After more than five years of frenetic drilling, the environmental footprint is staggering. It's hard to drive more than a few miles on the reservation without seeing evidence of flaring, the ecologically reckless but economically rational practice of burning off excess natural gas that's too expensive to get to market. At night, the fiery hills look like a scaled-back version of Mordor.
To be sure, flaring is common across the oil patch, but Fort Berthold bears the brunt of it. (Forty percent of natural gas drilled on the reservation is burned off into the atmosphere, twice the amount as the rest of North Dakota, according to state regulators.)
It's not just the air. Major questions loom over the community's water supply.
In July, a pipeline operated by the Houston-based company Crestwood Midstream spilled a million gallons of brine—a hyper-salinated, metal-infused watery byproduct of fracking—into a ravine that flows into a tributary of Lake Sakakawea, the reservation's primary drinking water source. As of today, no fines have been assessed.
VICE has learned that's because the tribe's former chairman Tex Hall—who himself owns a company that drills on the reservation and once testified in Congress against new fracking regulations—discouraged fellow officials from pursuing punitive action.
At this month's council meeting, I caught up with the MHA's environmental chief, Edmund Baker. He says that after the spill, Hall ignored his requests to obtain soil samples from the affected area.
"That's one of the major problems, the lack of deterrence," Baker says. "What kind of message does that send?"
Indeed, in the absence of a crackdown, the pipeline went on to spill twice more in the following months. In August, it spilled about 126,000 gallons. Then in October, the pipeline leaked another 6,300 gallons.
After losing his bid for re-election, Tex Hall left office earlier this month. Since the change in leadership, the tribe has worked with a third-party contractor—WH Pacific—to collect water and soil samples from the spill sites.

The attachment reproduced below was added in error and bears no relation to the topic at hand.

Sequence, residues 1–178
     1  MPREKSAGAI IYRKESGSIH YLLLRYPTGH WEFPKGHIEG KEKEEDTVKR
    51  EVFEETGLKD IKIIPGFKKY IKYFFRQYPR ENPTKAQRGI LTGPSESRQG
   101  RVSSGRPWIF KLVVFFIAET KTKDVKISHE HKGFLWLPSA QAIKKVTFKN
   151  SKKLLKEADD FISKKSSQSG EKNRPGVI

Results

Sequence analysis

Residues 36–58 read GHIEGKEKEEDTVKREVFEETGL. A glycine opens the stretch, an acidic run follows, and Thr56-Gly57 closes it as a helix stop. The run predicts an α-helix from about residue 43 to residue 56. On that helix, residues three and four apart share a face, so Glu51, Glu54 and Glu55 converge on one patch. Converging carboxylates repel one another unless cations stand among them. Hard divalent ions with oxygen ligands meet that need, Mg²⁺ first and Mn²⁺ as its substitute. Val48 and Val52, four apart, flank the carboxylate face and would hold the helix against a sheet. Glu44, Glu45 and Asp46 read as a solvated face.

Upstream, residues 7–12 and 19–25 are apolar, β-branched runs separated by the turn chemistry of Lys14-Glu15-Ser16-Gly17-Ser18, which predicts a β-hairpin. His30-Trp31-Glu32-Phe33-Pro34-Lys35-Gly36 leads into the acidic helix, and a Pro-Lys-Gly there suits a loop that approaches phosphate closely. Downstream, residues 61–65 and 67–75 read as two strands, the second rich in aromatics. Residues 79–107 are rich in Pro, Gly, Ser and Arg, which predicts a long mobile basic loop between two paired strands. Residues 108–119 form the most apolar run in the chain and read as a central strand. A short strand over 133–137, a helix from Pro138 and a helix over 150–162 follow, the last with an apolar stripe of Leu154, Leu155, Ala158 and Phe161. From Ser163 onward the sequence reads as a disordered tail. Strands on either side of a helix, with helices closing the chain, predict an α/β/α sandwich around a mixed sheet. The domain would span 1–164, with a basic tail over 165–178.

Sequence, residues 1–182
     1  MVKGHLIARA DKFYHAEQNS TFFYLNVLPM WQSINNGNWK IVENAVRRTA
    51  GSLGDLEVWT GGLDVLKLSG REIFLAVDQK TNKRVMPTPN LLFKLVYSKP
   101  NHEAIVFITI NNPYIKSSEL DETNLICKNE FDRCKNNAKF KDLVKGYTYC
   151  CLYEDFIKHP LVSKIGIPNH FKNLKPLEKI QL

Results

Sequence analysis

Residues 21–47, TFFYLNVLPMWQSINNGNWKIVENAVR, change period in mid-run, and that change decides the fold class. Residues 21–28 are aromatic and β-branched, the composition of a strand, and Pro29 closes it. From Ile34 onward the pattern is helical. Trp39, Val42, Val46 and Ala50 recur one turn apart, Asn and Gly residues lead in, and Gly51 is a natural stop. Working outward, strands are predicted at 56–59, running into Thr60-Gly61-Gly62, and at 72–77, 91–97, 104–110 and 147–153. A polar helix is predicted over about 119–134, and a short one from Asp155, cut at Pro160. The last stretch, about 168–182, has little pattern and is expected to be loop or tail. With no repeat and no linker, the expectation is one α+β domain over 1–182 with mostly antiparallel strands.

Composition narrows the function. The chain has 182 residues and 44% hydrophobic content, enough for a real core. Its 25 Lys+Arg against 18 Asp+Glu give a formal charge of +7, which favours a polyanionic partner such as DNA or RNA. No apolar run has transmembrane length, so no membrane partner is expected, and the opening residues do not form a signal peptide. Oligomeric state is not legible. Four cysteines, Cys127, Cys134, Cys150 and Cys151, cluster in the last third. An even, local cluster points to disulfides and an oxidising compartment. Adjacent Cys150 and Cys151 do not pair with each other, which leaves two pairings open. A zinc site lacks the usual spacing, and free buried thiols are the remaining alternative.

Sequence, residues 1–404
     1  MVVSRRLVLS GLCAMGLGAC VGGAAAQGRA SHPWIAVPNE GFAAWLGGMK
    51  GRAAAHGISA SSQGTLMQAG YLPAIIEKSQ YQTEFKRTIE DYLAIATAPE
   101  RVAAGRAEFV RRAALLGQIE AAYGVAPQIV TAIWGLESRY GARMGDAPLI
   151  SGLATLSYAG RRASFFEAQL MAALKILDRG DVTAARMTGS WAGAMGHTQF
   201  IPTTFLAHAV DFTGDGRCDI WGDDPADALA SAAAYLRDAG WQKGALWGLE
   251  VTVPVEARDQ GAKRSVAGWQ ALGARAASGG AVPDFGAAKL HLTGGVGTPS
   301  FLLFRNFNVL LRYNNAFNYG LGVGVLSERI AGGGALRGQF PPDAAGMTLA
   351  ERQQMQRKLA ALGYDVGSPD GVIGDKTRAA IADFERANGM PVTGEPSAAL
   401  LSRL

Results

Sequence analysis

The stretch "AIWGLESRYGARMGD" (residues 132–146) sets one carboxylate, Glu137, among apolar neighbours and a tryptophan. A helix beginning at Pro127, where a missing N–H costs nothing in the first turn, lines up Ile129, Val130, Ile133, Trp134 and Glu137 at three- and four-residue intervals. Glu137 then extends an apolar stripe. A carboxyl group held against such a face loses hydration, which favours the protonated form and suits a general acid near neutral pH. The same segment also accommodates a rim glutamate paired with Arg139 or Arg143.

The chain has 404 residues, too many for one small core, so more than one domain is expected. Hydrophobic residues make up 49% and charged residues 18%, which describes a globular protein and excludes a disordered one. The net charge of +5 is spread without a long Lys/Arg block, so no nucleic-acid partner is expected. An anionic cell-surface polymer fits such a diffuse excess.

When Sierra Geraci, a representative from WH Pacific, finally briefed officials at the tribe's monthly council meeting, she revealed an unnerving amount of uncertainty: "We still don't know the full extent of the impact on the soils and surface water, the occurrence of groundwater contamination, the distance that contaminates have migrated towards the lake, the presence of radionuclides in the drainage system, or the presence of metals in the creek sediments," she said.
Those samples are currently being analyzed at an EPA-certified laboratory. In the meantime, residents continue to use the water.
The recent change in leadership could usher in a new era on the reservation.
Earlier this month, MHA voters elected Mark Fox as their new chairman. On the campaign trail, Fox floated the possibility of "slowing" down the oil boom. That rhetoric alone was enough to scare producers, who vented their fears to state regulators.
It remains to be seen just how scared they should be.
There are some signs, though, that the swap in leadership will translate into more accountability. For instance, at the first council meeting under Fox's rein, the tribe finally agreed to assess a potential fine against Crestwood. And while it may seem trivial, MHA Nation officials broadcast the entirety of that council meeting on the radio—the first time that's happened in recent memory.
Others are skeptical that the new leadership will substantially alter the status quo. Fox, after all, served as the tribal government's tax director for the last four years.
"There's a big difference between campaigning and when you're actually in the driver's seat, so to speak," says Marilyn Hudson, a 78-year-old resident of Parshall who also runs the tribe's museum in New Town.
"I really never understood what this thing was about slowing down the oil boom. How would you do it? Would it be step one, two, three, four?" Hudson continues. "The oil industry and its relationship to landowners is probably just too big for one person to slow it down."
If the new leadership can't slow down drilling, then perhaps it can better distribute the wealth generated by the boom. Observers say the new council under Fox may proceed with some type of formalized "per capita" or "per cap" program—the term used for payments that some tribes dole out to their members. (Hall's government took some initial steps toward this.)
Setting up such a program could run into tax obstacles, though, according to Gillette.
"If it's general welfare—medical issues, for instance—then the tribe can justify it. But if it's just a $10,000 check, it gets trickier," says Gillette. "If they start making big payments, the IRS will come knocking."
Toward the end of our conversation, I ask Gillette what he thinks life will be like on Fort Berthold when the boom finally ends. Nobody quite knows when that time will come.
"I'll probably move, I don't know," he says with a laugh, as I struggle to gauge his sincerity. "The ones with money, they're out of here, in Bismarck, in San Francisco, in Arizona. If I had the big bucks, I'd probably be out of here, too."
Cole Stangler is a DC-based journalist covering labor and environmental issues whose. His work has appeared in In These Times, the Nation, and the New Republic.Follow him on Twitter.